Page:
The False Claims Act lets private citizens sue on behalf of the government and share in any recovery. Whistleblowers were paid $2.39 billion from 1987 to 2009, or 16 percent of the $15.19 billion collected in False Claims lawsuits in which the U.S. government joined the case, according to the Justice Department.

“What measures does Pfizer have in place to ensure fair treatment to those filing complaints?” Grassley wrote to Chief Executive Officer Jeffrey Kindler. “Of employees who have filed complaints, have any complained of unfair treatment and/or retaliation after the filing of the complaint?”

The False Claims Act was passed by Congress in 1863 and strengthened three times since 1986. Citizens file so-called qui tam cases that remain sealed from public view as the Justice Department investigates the claims and decides whether to join the suit. Twenty-five U.S. state shave their own versions of the law.

Large Settlements

Drugmakers have reached some of the largest settlements in recent years. Pfizer agreed to pay $2.3 billion over improper drug marketing, Lilly paid more than $1.6 billion to settle claims over its marketing of the drug Zyprexa, and AstraZeneca paid $520 million over marketing of its drug Seroquel.

Chris Loder, a spokesman for New York-based Pfizer, the world’s biggest drugmaker, said the company is responding to the letter and “shares the senator’s desire to detect and report any false claims that may lead to unnecessary costs to our health-care system.”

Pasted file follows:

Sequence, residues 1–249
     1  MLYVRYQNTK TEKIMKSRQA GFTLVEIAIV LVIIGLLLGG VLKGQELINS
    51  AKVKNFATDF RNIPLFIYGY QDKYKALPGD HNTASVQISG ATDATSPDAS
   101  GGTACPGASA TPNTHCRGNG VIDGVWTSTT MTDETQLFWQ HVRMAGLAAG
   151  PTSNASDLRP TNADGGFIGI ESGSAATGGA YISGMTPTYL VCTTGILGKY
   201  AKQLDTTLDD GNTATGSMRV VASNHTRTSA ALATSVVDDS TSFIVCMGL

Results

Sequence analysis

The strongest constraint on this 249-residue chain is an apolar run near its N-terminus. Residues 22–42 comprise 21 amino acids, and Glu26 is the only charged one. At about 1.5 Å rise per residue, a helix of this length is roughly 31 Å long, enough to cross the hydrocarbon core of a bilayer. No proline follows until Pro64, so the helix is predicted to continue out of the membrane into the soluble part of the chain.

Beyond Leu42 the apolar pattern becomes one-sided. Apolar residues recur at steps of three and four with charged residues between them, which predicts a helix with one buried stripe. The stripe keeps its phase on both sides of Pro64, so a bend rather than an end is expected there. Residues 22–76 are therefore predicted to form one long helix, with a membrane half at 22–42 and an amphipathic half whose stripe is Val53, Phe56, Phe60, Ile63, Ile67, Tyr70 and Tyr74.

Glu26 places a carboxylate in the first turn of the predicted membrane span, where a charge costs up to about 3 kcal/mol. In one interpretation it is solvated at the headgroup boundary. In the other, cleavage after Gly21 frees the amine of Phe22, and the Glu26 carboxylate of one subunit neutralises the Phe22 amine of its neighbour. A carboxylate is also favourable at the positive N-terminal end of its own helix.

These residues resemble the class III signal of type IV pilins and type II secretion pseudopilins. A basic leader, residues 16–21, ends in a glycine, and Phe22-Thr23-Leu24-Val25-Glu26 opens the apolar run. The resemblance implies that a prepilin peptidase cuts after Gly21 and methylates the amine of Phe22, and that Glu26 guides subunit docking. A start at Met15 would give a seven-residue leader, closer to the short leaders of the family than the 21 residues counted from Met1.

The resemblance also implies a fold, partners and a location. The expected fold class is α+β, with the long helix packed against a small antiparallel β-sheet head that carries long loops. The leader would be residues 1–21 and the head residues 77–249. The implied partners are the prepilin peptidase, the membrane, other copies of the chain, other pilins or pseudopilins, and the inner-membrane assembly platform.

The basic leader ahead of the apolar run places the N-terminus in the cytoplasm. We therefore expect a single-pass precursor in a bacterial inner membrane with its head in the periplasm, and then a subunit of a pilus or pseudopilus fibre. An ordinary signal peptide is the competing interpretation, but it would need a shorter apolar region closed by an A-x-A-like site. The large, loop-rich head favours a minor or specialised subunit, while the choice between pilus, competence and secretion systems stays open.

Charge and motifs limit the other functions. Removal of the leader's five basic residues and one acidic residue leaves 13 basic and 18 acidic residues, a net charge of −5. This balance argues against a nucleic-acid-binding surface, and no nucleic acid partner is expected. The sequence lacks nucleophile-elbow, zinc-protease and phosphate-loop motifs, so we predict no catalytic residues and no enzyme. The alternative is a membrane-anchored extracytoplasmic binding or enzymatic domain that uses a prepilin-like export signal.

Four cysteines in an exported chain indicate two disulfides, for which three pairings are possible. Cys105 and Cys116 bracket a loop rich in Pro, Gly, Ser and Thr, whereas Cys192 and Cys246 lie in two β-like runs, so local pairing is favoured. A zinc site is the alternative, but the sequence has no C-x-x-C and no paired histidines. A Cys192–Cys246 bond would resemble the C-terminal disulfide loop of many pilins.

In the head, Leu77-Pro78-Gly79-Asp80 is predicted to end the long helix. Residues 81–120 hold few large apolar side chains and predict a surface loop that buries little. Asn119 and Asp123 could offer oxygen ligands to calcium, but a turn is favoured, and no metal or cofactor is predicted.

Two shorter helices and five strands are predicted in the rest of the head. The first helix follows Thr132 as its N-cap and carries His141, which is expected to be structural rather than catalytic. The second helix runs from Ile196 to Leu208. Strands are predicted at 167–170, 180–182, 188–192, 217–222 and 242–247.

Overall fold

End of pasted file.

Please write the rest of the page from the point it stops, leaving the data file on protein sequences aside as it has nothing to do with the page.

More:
Pfizer, he said, has invested “substantial resources” to “create a compliance program that consists of mandatory training for every one of our employees, proactive monitoring and surveillance, and strict enforcement of all federal and state health-care laws.”

The company also has a chief compliance officer reporting to the CEO, a corporate compliance committee, a code of conduct, a compliance hotline and extensive procedures to investigate and remediate possible non-compliance, he said.

Anonymous Reports

Tony Jewell, a U.S. spokesman for London-based AstraZeneca, the U.K.’s second-largest drugmaker, said the company encourages its employees to report any instances of misconduct through various channels, including anonymously.

“We respond to all complaints of wrongdoing through prompt investigations and appropriate remedial action,” he said. “Retaliation of any kind is explicitly prohibited under our policies.”

Edward Sagebiel, a spokesman for Indianapolis-based Lilly, confirmed that the company received the senator’s letter.

“We will be cooperating fully with this request for information,” he said.

Grassley was a sponsor of the Fraud Enforcement and Recovery Act passed last year, which restored powers under the False Claims Act that had been narrowed by court rulings. The new law limited the ability of companies to avoid liability under the False Claims Act and made it easier for the Justice Department to issue civil investigative demands, a type of subpoena power, in pursuing cases.

‘Public Responsibility’